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    • #11458
      Michael Morale

      A question was asked regarding whether or not we have undergone a muscle biopsy due to our disease. While I don’t have Muscular Dystrophy, I do have Spinal Muscular Atrophy. SMA is a neuromuscular disease and is in the Muscular Dystrophy family of neuromuscular diseases. In 1966, my parents took me to a neurologist because I was not meeting some of the milestones that a child my age was supposed to be meeting. After a brief five minute consultation with my parents, the doctor told my parents that I had Muscular Dystrophy, and to take me home and enjoy what life I had left. To make things even worse, as the doctor walked out the door, he turned to my parents and told them to go ahead and start planning my funeral as well. In 1968, my parents noticed that I was getting a little stronger and they began questioning the neurologist’s diagnosis. When they took me back to the doctor, they told my parents that I may not have Muscular Dystrophy, but they would have to wait until I was 5 years old so that they could do a muscle biopsy to better determine the proper diagnosis.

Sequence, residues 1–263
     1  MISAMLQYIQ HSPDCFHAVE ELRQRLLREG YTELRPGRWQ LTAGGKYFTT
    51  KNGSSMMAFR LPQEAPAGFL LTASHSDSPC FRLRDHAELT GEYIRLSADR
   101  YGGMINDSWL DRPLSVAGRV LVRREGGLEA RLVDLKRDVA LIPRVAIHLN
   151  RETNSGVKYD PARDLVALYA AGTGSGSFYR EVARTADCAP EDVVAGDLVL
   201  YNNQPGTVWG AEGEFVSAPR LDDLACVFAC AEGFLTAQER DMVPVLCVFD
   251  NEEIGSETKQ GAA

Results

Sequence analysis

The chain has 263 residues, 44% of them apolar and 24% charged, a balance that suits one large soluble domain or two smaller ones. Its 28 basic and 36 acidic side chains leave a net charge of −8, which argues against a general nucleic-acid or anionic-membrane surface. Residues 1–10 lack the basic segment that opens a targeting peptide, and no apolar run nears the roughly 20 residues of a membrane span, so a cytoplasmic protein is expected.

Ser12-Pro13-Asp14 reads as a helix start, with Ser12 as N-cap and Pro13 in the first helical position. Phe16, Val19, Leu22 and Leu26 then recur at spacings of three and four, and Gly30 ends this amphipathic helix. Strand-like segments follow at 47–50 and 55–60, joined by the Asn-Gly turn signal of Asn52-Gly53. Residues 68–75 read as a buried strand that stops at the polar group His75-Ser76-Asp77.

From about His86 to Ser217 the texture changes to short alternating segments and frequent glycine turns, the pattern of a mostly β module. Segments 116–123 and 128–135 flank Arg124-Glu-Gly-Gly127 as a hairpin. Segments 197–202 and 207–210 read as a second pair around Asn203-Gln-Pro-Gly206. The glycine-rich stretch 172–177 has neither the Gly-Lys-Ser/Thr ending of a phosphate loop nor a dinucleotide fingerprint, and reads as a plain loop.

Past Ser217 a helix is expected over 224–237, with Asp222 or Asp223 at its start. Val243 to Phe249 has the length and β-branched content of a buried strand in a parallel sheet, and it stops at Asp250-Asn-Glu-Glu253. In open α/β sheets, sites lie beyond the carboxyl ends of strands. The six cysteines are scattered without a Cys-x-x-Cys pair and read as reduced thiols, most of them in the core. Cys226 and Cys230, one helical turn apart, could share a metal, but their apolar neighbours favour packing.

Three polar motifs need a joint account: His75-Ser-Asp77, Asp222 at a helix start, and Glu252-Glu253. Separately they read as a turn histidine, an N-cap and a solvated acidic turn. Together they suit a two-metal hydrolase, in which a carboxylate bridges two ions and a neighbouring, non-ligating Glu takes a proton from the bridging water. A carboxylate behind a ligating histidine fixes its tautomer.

In 1970, after turning 5, my parents admitted me into the hospital so doctors could perform the muscle biopsy. After doctors took this biopsy, they sent this biopsy to the lab. Two weeks later, my parents received a phone call from the neurologist and he told them that my muscle biopsy had been lost in transit, and that they needed my parents to readmit me back into the hospital so that they could take another biopsy. At this point, both of my parents told the neurologist that under no circumstance were they going to put me through that procedure again. My parents later explained to me, after I was older and was able to understand what was happening, that they felt that the muscle biopsy had been lost in transit on purpose. Back in the late 60’s and early 70’s, doctors were trying to protect each other from a malpractice lawsuit. There was a question as to whether or not the doctor that delivered me did something wrong during the delivery process, and the doctor that delivered me was one of the associates that worked with the neurologist that took the muscle biopsy. My parents told me that the neurologist was probably trying to protect his associate from a malpractice lawsuit and that the reason why my parents didn’t want to do another muscle biopsy was because the first one was an extremely painful ordeal for me and that they did not want me to have to go through that again.

      I’m sure that things are much better today than they were back in the 60’s and 70’s, and I know that with the advancements that have been made in medical technology and surgical techniques, this procedure is not near as traumatic as it used to be.

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